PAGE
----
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Montag remembered Faber after so long because he offered him one of the first opportunities to hold a true conversation with another human being. When Montag first sees Faber in the park, he notices that Faber is trying to hide something in his coat. What begins as a psuedo-interrogation devolves into a real, natural conversation. They sit together for an hour, and Faber quotes some poetry, which sparks Montag's interest. When Montag goes to leave, Faber gives him his address, which Montag keeps until he visits Faber later in the novel.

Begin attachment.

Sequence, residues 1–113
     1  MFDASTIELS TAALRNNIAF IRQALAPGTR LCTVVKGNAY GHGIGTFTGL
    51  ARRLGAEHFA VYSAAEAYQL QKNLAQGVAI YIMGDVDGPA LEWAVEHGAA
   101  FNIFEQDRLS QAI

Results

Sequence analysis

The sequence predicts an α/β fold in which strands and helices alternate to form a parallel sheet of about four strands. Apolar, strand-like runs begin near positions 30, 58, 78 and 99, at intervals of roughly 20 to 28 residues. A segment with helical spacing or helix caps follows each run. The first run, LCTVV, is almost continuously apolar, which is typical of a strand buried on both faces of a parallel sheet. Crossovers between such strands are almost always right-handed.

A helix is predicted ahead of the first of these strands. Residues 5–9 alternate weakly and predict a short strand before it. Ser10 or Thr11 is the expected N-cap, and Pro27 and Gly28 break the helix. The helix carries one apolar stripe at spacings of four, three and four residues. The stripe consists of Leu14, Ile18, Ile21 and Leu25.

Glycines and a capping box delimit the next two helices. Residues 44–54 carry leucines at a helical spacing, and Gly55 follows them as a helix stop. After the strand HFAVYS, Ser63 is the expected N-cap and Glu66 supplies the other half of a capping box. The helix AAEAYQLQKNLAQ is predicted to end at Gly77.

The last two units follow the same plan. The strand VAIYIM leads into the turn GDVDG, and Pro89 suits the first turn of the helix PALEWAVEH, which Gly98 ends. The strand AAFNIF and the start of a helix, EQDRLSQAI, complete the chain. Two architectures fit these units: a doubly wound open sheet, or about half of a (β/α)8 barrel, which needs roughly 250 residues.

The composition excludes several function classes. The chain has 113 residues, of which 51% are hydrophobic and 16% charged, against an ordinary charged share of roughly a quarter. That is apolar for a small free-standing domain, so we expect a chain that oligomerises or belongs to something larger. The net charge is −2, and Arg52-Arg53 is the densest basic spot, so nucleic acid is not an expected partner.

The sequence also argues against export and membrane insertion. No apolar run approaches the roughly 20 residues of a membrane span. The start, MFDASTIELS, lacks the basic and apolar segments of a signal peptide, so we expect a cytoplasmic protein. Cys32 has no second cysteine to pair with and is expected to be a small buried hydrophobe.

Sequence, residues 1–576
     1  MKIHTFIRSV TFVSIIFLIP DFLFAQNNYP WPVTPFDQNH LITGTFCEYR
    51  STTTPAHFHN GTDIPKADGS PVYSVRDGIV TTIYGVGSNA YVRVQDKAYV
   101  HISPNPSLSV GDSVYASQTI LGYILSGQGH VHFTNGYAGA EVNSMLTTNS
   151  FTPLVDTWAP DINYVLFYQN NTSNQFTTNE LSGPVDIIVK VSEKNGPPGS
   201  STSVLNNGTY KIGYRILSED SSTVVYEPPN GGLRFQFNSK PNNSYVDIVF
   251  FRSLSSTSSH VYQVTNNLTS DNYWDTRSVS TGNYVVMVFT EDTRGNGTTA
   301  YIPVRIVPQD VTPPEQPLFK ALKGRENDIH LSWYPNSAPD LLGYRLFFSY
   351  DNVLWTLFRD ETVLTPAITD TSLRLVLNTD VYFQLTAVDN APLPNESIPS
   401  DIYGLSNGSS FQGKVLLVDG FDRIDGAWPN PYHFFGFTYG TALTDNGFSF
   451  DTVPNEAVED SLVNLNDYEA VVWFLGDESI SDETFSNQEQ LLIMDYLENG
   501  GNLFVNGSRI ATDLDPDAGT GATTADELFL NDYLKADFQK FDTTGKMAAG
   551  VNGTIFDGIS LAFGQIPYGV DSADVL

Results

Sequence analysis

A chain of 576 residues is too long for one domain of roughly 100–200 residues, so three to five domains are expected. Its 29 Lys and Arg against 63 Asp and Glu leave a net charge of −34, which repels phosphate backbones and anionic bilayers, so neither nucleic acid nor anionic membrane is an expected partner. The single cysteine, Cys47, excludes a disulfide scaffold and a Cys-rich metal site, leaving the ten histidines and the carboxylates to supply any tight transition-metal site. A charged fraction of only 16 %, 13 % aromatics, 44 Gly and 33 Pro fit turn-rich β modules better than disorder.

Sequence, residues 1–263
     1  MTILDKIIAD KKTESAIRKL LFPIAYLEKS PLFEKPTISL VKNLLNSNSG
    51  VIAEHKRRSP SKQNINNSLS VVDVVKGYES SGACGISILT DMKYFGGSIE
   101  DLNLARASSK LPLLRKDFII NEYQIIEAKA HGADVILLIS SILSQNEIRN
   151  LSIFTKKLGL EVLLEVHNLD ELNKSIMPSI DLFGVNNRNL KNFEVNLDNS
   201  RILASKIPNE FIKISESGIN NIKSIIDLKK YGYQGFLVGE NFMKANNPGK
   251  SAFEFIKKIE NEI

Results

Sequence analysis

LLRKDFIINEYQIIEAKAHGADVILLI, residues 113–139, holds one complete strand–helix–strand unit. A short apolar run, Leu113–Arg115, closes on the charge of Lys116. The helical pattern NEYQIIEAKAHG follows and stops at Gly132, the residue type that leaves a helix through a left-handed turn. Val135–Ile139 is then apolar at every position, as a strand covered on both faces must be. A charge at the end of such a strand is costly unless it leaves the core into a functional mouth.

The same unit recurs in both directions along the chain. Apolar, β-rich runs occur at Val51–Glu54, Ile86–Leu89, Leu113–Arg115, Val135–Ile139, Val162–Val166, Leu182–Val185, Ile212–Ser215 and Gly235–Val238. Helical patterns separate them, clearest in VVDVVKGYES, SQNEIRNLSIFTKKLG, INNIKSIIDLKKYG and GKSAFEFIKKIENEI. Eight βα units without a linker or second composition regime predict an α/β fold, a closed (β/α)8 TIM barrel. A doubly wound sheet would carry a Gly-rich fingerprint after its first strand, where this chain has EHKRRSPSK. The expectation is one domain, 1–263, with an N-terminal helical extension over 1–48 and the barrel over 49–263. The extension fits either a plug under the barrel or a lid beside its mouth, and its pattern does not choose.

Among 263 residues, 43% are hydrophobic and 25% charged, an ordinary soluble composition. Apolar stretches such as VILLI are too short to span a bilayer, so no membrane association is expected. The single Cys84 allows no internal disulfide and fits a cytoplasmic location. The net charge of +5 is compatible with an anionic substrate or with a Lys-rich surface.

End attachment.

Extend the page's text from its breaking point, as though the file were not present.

This incident made such an impact on Montag because he is so lonely and isolated in his world. His wife Mildred makes no attempt to have a true relationship with him...or anyone else really. Until Clarisse McClellan comes along, Montag has no one to call a friend, and no one with whom to share his thoughts and concerns. Because Faber offered him that, however briefly, he remembers it later when he is under such stress.
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